Stars: Eric Bogosian, Alec Baldwin, Ellen Greene, Leslie Hope, John C. McGinley
Rating: R (Restricted)
Runtime: 109 minutes
While this monumental retrospective of Oliver Stone's directorial career doesn't include Salvador or Platoon--Stone's early, acknowledged masterpieces of history and remembrance--it certainly sheds light on the more controversial arc of his work ever since. Beginning with 1987's Wall Street, Stone's barbed tragedy about corporate raiders and blinding greed during the Reagan years, this cinematic 10-pack represents a curious odyssey of generational touchstones, outright obsessions, and feverish experimentation. The minor, 1988 Talk Radio, for instance, introduced Stone's then-evolving critique of inflamed media in a society of hapless onlookers. But it was 1994's Natural Born Killers that exploded the theme in a wildly ambitious farce concerning two lovers who defy manufactured perceptions by becoming notorious murderers. Killers pushes the limits of screen violence, visual literacy, and the mixed-media technique (juggling film stocks, incorporating video, etc.) that Stone introduced in JFK. If the result is cold and forced, it's also brazen. Most significant is the way this collection underscores Stone's drive to fuse historical drama with lingering emotions about the past. Stone, a Vietnam War veteran, revisits that haunting debacle here in the masterful Born on the Fourth of July and the moving Heaven & Earth. Yet some of his most famous efforts still draw heaps of scorn for narrative hubris and factual recklessness. (Does anyone really believe John F. Kennedy was assassinated during a Lyndon Johnson coup d'état?) But time is on Stone's side. Eventually, JFK, The Doors, and Nixon will be seen not as a failed objective history, but as the experience of a tumultuous era in the imagination of a man who lived through it all and can't shake it off. The collection concludes with the flawed contemporary noir U Turn and the unexpectedly entertaining football saga Any Given Sunday. Stone bided his time following this extraordinary body of work, until the humanitarian relief drama Beyond Borders (not included) found the director on familiar footing. As Stone's legacy continues to grow, there is a remarkable career here to revisit with these 10 films. --Tom Keogh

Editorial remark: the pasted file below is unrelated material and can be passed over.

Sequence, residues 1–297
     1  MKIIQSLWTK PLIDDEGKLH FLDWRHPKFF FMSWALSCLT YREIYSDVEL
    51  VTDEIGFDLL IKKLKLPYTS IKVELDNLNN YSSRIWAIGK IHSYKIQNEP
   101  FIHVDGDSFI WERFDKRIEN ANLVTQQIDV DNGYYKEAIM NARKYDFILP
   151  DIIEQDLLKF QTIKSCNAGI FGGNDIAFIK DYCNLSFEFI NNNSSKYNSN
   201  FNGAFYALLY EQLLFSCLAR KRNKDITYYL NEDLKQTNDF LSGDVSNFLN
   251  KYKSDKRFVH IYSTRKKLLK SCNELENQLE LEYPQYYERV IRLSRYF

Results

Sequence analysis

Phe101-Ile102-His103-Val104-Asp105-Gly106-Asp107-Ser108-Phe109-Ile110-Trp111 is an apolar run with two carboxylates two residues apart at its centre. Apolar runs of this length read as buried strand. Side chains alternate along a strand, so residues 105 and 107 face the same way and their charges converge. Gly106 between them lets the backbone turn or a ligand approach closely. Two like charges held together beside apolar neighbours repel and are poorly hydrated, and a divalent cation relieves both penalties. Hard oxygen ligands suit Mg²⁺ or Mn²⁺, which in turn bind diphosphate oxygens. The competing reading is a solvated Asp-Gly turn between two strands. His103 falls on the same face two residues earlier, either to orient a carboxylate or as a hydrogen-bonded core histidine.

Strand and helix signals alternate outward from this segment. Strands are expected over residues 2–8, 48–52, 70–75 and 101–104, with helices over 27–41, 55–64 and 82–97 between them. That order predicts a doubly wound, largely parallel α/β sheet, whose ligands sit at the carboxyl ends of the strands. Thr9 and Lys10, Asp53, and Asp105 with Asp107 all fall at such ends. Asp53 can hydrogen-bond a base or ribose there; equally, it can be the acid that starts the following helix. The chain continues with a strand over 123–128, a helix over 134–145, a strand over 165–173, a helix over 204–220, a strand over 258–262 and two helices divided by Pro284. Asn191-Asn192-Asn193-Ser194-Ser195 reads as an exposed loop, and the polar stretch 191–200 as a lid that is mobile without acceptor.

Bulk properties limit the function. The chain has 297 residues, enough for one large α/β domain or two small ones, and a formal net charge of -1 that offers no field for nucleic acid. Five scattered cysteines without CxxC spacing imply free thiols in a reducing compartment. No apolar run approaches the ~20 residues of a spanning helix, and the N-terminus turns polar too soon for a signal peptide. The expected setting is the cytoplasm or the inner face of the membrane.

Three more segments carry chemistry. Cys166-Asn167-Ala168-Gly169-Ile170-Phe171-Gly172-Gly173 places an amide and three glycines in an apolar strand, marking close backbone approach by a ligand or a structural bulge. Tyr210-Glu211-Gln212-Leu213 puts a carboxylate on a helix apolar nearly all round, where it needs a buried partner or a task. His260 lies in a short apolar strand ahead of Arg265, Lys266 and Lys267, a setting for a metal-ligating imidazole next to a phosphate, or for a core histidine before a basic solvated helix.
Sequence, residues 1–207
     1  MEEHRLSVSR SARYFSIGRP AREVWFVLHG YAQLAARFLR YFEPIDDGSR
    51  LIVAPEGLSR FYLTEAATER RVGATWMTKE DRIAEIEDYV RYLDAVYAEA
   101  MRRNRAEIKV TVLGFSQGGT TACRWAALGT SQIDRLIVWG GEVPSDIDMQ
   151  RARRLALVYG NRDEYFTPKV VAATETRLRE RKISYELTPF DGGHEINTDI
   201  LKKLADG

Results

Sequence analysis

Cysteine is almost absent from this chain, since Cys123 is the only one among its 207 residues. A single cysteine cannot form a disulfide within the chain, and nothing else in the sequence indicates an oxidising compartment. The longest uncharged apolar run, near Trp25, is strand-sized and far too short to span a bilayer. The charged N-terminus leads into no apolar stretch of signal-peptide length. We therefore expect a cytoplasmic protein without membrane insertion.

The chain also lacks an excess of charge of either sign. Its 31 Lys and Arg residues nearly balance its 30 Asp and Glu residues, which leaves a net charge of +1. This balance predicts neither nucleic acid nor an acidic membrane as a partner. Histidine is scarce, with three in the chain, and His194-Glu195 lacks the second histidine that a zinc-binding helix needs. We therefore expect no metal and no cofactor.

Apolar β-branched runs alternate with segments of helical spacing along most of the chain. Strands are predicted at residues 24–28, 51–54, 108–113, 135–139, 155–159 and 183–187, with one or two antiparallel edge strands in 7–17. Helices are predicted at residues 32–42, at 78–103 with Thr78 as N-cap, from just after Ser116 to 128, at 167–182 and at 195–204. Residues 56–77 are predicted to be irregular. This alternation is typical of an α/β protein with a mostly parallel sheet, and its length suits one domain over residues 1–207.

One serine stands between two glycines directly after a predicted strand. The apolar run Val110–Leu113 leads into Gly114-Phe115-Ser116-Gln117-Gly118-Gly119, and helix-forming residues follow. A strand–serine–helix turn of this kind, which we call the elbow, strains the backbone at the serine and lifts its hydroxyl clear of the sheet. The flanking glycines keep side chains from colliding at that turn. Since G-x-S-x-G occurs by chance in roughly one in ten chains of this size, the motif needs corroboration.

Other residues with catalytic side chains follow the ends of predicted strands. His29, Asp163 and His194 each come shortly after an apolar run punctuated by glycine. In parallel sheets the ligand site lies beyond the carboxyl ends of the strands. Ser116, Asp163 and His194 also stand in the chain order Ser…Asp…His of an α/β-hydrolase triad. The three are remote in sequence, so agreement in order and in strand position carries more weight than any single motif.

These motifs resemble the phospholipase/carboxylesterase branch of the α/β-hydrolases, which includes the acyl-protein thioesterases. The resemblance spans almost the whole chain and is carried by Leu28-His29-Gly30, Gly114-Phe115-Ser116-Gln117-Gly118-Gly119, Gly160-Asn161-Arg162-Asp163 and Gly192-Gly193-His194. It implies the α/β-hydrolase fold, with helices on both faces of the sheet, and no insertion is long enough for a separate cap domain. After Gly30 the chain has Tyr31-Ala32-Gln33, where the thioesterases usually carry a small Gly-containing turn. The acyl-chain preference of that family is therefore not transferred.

Barry and I worked together for over seven years and whenever you threatened him over the air, man he would stick it right back in your face. It was like his dick was flapping in the wind and he'd like to see if he could get an erection. The guy had a little dick but he liked to flap it out there. Then they cut it off, so now he's dead. I don't know if you understand my analogy but it's the clearest one I can make.